NASA has selected these American companies to develop human lunar spacecraft
11 companies selected under $45.5 million contract
CAPE CANAVERAL, Fla. – NASA is stepping on the gas with its plan to return astronauts to the moon in the next five years, revealing Thursday a list of American companies selected to conduct studies and produce prototypes of spacecraft that could shuttle humans to and from the moon.
The Trump administration announced this week it is asking Congress for $1.6 billion more to support President Donald Trump’s goal of returning astronauts to the moon by 2024 under a program being called “Artemis."
NASA Administrator Jim Bridenstine said $1.6 billion is enough for 2020. But more money will be needed in the years ahead to land "the next man and the first woman" at the south pole of the moon by 2024.
To execute NASA’s plan, the space agency said it will need a spacecraft for the journey from the space station-like lunar Gateway, to low-lunar orbit, a descent craft to carry humans down to the moon and an ascent spacecraft to return to them to the lunar Gateway.
Bridenstine has said a big part of NASA's Artemis program will include public-private partnerships. On Thursday, NASA revealed what private companies it has selected to help met its goals.
NASA awarded a combined $45.5 million through Next Space Technologies for Exploration Partnerships, or NextSTEP, contracts, to 11 companies that "will study and/or develop prototypes during the next six months that reduce schedule risk for the descent, transfer, and refueling elements of a potential human landing system," according to a NASA news release.
The companies must also put up at least 20 percent of the total project costs.
“This new approach doesn’t prescribe a specific design or number of elements for the human landing system,” said Greg Chavers, human landing system formulation manager at NASA’s Marshall Space Flight Center. “NASA needs the system to get our astronauts on the surface and return them home safely, and we’re leaving a lot of the specifics to our commercial partners.”
The awardees NASA selected to test and develop these needed elements are from eight states. The select group includes companies most know, including SpaceX and Boeing, but also smaller companies that this contract will have a huge impact on.
Here's the full list and what they are tasked with:
- Aerojet Rocketdyne, based in Canoga Park, California will conduct one transfer vehicle study.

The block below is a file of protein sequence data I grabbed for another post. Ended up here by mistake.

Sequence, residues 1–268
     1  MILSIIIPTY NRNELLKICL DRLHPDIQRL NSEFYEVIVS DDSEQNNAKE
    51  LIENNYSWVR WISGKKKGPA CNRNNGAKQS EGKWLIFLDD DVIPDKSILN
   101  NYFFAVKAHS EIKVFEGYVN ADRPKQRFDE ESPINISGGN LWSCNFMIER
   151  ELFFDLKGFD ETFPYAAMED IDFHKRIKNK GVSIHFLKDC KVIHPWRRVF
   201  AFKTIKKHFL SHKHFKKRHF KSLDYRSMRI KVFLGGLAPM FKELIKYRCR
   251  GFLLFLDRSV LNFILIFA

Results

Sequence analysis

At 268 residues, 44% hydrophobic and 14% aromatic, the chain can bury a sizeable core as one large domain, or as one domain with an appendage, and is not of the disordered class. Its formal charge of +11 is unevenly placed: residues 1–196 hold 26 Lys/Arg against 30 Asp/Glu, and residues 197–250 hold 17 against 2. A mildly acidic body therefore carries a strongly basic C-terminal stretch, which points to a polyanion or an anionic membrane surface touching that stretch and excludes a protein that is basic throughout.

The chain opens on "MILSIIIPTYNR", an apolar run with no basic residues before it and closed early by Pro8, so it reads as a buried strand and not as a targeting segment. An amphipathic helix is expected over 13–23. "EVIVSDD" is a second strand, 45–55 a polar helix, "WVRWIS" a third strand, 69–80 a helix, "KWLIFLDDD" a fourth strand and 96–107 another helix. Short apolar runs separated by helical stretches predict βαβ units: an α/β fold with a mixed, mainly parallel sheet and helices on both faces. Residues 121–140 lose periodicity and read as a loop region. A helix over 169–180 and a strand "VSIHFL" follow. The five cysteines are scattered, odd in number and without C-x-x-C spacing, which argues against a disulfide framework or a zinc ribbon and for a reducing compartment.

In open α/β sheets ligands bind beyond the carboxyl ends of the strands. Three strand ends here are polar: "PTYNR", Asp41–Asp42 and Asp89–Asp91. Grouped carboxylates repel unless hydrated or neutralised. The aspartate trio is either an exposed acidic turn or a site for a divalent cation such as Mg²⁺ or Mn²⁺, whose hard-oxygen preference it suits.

- Blue Origin, based in Kent, Washington-- but with a big footprint in Brevard County, too -- will conduct one moon descent element study, one transfer vehicle study and one transfer vehicle prototype. Blue Origin founder Jeff Bezos revealed his company's moon lander Blue Moon last week.
- Boeing in Houston will develop one descent element study, two descent element prototypes, one transfer vehicle study, one transfer vehicle prototype, one refueling element study, and one refueling element prototype.
- Dynetics, of Huntsville, Alabama is tasked with one descent element study and five descent element prototypes.
- Lockheed Martin, in Littleton, Colorado will conduct one descent element study, four descent element prototypes, one transfer vehicle study and one refueling element study.
- Masten Space Systems, Mojave, California will develop one descent element prototype.
- Northrop Grumman Innovation Systems, in Dulles, Virginia will conduct one descent element study, develop four descent element prototypes, conduct one refueling element study and develop one refueling element prototype.
- OrbitBeyond, based in Edison, New Jersey will develop two refueling element prototypes.
- Sierra Nevada Corporation, in Louisville, Colorado and Madison, Wisconsin, will conduct one descent element study, one descent element prototype, one transfer vehicle study, one transfer vehicle prototype and conduct one refueling element study.
- SpaceX, which is based in California but launches from Florida and California will conduct one descent element study.
- SSL, of Palo Alto, California will conduct one refueling element study and develop one refueling element prototype, which is also known as Maxar.
Check back for more information. This story will be updated.
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